Discovery challenges (ages 10-14)


Typically completed by 10-14 year olds, students work collaboratively on a five hour project or challenge in self-managed groups. During the project, they use a CREST Discovery passport to record and reflect on their work. Afterwards, students communicate their findings as a group presentation.

Each pack provides teaching guides, kit lists, example timetables and suggested starter activities to help you run your day. Find out more about CREST Discovery Awards.

There are more CREST approved resources that have been developed by our partners and providers specific to your region.


To browse the packs, click the buttons below or scroll down.
Views
2 months ago

Machines of the future teacher pack

  • Text
  • Activities
  • Timings
  • Feedback
  • Teams
  • Powerpoint
  • Develop
  • Workshops
  • Workshop
  • Crest
  • Examples

Contents 3 Background 3

Contents 3 Background 3 Artificial Intelligence (AI) and machine learning The future of machine learning The Royal Society Overview 4 Materials and printing list 5 Timings – one-day project 6 Timings – five-lesson project 7 Step-by-step delivery guide 8 4 Starter activity 10 Everyday examples of AI 11 Facilitation questions 12 About CREST Discovery 13 8 2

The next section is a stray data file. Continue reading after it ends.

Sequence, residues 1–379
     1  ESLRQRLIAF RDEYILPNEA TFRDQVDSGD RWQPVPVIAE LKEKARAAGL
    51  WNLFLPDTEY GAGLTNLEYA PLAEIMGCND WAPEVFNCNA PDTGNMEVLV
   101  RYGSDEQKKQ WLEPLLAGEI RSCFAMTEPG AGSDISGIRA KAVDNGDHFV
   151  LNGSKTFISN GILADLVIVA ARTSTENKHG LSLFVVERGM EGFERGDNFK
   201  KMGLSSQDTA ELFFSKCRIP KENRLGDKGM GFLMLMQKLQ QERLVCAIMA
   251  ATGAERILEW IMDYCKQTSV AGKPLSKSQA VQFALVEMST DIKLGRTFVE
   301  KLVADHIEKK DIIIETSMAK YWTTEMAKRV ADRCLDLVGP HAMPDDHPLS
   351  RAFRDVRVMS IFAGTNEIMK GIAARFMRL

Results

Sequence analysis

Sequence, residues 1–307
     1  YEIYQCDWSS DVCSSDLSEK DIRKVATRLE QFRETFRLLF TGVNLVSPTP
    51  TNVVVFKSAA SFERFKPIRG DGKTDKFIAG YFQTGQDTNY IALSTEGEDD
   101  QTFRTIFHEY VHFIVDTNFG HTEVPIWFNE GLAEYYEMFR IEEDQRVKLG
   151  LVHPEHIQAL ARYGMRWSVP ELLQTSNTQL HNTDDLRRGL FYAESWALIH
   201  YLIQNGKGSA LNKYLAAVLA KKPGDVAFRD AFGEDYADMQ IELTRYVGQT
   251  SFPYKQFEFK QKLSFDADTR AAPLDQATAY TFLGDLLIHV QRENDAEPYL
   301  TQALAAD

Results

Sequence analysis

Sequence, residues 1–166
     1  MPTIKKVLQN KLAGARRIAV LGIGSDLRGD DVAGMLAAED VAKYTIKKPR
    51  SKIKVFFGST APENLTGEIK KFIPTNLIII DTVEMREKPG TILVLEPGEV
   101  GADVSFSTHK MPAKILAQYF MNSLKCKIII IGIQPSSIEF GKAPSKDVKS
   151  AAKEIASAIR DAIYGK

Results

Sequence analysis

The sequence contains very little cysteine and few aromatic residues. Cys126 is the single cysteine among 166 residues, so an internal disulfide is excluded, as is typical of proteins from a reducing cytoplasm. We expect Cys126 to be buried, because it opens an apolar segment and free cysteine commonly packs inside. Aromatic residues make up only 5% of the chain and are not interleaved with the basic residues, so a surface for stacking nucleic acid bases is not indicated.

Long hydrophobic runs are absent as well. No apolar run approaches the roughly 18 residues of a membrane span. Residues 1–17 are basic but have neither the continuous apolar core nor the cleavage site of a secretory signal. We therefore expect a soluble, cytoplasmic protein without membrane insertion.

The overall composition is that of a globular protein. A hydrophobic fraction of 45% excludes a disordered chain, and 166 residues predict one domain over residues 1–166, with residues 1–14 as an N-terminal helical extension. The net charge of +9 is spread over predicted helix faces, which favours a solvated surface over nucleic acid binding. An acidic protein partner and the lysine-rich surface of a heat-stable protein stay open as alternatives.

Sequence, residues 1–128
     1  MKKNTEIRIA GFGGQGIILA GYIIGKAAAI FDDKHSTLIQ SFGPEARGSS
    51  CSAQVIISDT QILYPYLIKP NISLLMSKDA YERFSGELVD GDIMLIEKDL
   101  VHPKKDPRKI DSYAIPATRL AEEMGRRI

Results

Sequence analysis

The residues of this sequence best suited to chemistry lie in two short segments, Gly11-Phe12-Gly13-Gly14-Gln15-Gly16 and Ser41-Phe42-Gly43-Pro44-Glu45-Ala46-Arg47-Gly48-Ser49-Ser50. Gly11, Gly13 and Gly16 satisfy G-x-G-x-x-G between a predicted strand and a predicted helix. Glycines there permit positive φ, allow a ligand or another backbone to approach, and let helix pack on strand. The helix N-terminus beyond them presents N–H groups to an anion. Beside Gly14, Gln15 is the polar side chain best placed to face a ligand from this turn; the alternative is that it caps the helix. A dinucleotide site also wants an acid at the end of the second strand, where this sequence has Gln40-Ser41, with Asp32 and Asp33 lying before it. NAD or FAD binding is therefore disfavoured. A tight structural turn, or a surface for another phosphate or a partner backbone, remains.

Background Over the last few years we have seen big developments in the field of machine learning – a topic that is no longer just a thing of the future. Many of us now interact with systems using machine learning on a daily basis, such as image and voice recognition on social media and virtual personal assistants. Artificial intelligence and machine learning What is AI? AI is an umbrella term that refers to a suite of technologies in which computer systems are programmed to exhibit complex behaviour, when acting in conditions of uncertainty. What is machine learning? Machine learning is a technology that allows computers to learn directly from examples and experience in the form of data. Traditional approaches to programming rely on hardcoded rules, which set out how to solve a problem, step-by-step. In contrast, machine learning systems are set a task, and given a large amount of data to use as examples of how this task can be achieved or from which to detect patterns. The system then learns how best to achieve the desired output. What is an algorithm? An algorithm is a list of rules which can be followed to solve a problem or make a decision. Check out this really simple explanation from BBC Bitesize https://www.bbc.com/bitesize/articles/z3whpv4 What do we mean by machine? In the context of machine learning a ‘machine’ usually refers to a computer that learns directly from examples and experience in the form of data. What is a robot? In the context of machine learning and AI, a ‘robot’ typically refers to the embodied form of AI; robots are physical agents that act in the real world. These physical manifestations might have sensory inputs and abilities powered by machine learning. The future of machine learning In the future, it is likely we will continue to see advances in the capabilities of machine learning, and this exciting process has the potential to change the way we use data in a range of areas. Tools are already being developed to support healthcare, policing, telecommunications, driving and farming. What will be next? The social and economic opportunities which will follow the increased use of machine learning are significant. The Royal Society The Royal Society is the world's oldest independent scientific academy in continuous existence, dedicated to promoting excellence in science. The Society works to recognise, promote, and support excellence in science and to encourage the development and use of science for the benefit of humanity. The Royal Society’s machine learning policy project is investigating the potential of machine learning over the next 5-10 years and exploring how this technology can be developed in a way that benefits everyone. The Royal Society has launched a report setting out the action needed to maintain the UK’s role in advancing this technology while ensuring careful stewardship of its development. The Royal Society has supported the development of this CREST Discovery resource. 3